A Hamburger Today
Rant: What The New York Times Doesn't Know About Bánh Mì
Was anyone else flabbergasted at the appalling lack of reporting, knowledge, and taste displayed in New York Times writer Jordan Michelman's recent article about bánh mì modestly titled "Banh Mi In America"?
Never mind that his choices for best bánh mì in the country are... puzzling (you don't have to take my word for it: OC Weekly, The Seattle Times, and SF Weekly have already had a go at blasting his recommendations), or the fact that LA, Houston, Orlando, and Dorchester were all inexplicably left off his "best of the country" choices despite having some of the largest Vietnamese populations outside of Vietnam. My gripe is with the fact that it seems that he doesn't appear to even be familiar with what a bánh mì is. Some examples:
They all begin with a whole baguette, preferably baked in-house and dressed with an aioli spread infused with pork, garlic and fish sauce.
Um... no. First of all, most of the best bánh mì are made from bread baked at professional Vietnamese bakeries. Just as an American deli doesn't need to bake its own rye to make the best sandwiches, neither does a bánh mì shop. The spread on a banh mi is not aioli (as it contains no garlic), nor does it contain pork or fish sauce. At its most basic, it's mayonnaise. More often, it's butter cut with mayonnaise. In fact, fish sauce has no business anywhere near a banh mi, unless it's incorporated into the preparation of the filling. Speaking of filling...
These ingredients then hold a wide variety of fillings: barbecue pork, fried tofu and thick-sliced ham are the most common options, along with pork pâté, grilled chicken, meatballs, sauteed vegetables and, occasionally, whole sardines
I'm not sure where he's finding "thick-sliced ham" in a bánh mì, but he should try a different shop. The ham in a bánh mì đặc biệt (mixed cold cuts) should be thin sliced. And to list tofu as one of the most common options without mentioning the pâté or head cheese in a typical bánh mì đặc biệt is almost laughable in its ignorance. I also defy him to produce a list of bánh mì shops offering "sauteed vegetables" as filling options.
there's a common denominator to all banh mi -- a bright, crunchy vegetable slaw made with daikon radish, shredded carrot and fish sauce (nuoc cham)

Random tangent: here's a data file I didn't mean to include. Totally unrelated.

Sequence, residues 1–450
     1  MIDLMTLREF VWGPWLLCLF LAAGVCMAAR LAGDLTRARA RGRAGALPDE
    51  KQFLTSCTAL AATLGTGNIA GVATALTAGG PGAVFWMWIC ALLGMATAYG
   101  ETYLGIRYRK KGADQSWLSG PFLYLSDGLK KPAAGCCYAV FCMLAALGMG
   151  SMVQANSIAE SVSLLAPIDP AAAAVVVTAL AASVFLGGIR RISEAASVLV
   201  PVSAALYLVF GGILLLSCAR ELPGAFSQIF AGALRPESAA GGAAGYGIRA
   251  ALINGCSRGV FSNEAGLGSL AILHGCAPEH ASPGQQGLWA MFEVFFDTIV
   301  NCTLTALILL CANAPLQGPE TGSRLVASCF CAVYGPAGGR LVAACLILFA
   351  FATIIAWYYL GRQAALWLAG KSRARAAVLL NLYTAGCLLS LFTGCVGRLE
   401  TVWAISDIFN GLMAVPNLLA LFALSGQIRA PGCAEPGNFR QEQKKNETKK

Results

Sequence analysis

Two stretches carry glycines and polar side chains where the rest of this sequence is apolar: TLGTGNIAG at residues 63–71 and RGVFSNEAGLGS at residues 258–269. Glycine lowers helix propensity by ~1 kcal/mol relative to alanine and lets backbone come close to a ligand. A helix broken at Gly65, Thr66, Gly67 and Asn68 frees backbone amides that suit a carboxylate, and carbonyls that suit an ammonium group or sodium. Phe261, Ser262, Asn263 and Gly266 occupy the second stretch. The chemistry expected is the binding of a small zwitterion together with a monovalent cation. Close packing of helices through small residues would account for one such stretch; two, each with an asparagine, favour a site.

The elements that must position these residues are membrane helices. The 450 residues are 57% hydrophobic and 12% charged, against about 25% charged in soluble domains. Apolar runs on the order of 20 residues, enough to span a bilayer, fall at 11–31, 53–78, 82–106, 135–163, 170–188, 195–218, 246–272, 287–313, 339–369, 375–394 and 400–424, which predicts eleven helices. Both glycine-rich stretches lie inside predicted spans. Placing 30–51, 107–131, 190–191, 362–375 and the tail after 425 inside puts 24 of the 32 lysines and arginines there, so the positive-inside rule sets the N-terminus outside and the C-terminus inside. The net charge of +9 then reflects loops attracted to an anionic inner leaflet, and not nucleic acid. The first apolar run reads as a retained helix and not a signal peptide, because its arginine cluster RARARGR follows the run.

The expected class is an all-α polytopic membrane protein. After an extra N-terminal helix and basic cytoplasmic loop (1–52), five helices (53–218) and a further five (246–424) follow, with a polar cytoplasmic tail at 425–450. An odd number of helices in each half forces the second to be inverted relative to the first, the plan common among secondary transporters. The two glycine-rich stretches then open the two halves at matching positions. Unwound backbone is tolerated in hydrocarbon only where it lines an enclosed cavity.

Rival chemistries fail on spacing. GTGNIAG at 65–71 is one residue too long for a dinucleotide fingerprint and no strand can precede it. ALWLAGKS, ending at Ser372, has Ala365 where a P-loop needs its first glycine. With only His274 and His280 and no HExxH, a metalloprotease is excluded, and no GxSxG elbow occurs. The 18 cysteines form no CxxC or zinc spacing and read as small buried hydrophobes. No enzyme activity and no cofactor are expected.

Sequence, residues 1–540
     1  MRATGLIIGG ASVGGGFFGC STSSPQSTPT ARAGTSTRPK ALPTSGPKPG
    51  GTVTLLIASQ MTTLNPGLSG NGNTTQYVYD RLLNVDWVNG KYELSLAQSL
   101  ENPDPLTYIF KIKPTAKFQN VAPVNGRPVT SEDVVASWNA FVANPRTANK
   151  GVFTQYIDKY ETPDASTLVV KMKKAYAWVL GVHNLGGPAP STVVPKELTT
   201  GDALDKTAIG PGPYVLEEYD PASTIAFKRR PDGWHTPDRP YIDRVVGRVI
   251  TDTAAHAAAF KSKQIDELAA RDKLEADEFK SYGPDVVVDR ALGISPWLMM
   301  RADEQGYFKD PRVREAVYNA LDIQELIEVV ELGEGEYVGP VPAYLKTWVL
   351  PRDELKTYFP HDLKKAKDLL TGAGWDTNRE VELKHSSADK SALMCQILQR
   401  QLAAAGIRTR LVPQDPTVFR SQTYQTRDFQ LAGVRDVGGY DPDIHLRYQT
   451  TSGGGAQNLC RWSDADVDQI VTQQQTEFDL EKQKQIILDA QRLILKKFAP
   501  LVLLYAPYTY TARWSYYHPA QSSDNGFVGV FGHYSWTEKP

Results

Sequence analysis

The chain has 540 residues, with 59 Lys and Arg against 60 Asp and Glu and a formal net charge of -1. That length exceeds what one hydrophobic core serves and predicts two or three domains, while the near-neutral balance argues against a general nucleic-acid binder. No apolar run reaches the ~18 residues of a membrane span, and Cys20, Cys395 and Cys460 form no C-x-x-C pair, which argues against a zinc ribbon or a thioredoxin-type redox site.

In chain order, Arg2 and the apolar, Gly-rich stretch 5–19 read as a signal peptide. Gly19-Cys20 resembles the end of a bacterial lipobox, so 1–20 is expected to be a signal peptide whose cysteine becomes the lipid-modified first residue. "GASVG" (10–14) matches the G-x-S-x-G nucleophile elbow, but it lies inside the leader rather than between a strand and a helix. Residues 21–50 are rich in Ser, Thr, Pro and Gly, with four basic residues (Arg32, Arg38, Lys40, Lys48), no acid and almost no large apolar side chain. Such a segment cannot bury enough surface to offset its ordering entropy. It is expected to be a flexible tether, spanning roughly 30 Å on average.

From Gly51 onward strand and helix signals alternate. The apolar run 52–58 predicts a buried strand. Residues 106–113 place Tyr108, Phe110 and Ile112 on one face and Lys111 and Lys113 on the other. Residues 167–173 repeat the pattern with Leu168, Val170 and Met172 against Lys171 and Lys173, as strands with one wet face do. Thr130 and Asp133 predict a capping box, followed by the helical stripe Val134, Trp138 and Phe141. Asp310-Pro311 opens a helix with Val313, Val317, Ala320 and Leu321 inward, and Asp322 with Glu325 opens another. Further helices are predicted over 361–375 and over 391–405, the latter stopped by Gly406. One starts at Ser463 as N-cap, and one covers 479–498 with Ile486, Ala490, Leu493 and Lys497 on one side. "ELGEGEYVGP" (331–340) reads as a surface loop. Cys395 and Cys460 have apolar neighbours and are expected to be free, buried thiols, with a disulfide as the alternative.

Sorry, first of all, there is no fish sauce in the pickled daikon and radish, or again, anywhere near a bánh mì. Secondly, nuoc cham is not fish sauce. Nuoc cham is a dipping sauce made with fish sauce, lime juice, and palm or white sugar (amongst other optional ingredients). What you meant there, good sir, is nước mắm. FTFY.
they should always be inexpensive -- beware the banh mi over $6.
His bánh mì economics are puzzling indeed. First off, if you're paying more than $4 (or even $3) for a bánh mì, you're at the wrong spot. Not to mention the fact that he then, in the words of one commentor, "goes on to recommend Baoguette's $6 (before tax) bland chain-store sandwich* and Ssam's $10 atrocity?"
After his baffling New York recommendations, Ba Xuyen gets a throwaway mention only in passing. Check out Tam's more thorough (and accurate!) report on Ba Xuyen, for which she—in a radical break from what has apparently become accepted journalistic practices—actually ate at the restaurant she's reporting on!
Speaking of his knowledge of Baoguette...
New Yorkers in search of a cheap lunch visit Baoguette in droves, at one of three locations -- Murray Hill, Wall Street and Gramercy -- for traditional Vietnamese sandwiches
Traditional? Traditional?!? Baoguette doesn't even use bánh mì bread, fer chrissakes! Baoguette serves its sandwich on a French baguette made with wheat flour. It's crusty, substantial, and chewy, and not at all like the crisp and light rice flour baguettes used for traditional bánh mì. Come on, man, this is really basic stuff. Bánh mì 101 type material. The only two explanations I can think of are either that he truly has no idea what a bánh mì is, or that he's never actually been to Baoguette. Either situation is equally remiss.
It's one thing to have bad taste, but to destroy the basic facts in an article about a single food is simply bad reporting and even worse fact checking. It reads like its primary research was conducted by reading Yelp! comments. Here's a tip: next time you plan on writing about something you know next to nothing about, at the very minimum consult Chowhound and Wikipedia. At least you'll get your facts right.
*end public sputtering*
So tell me: What great bánh mì spots were left off of his list?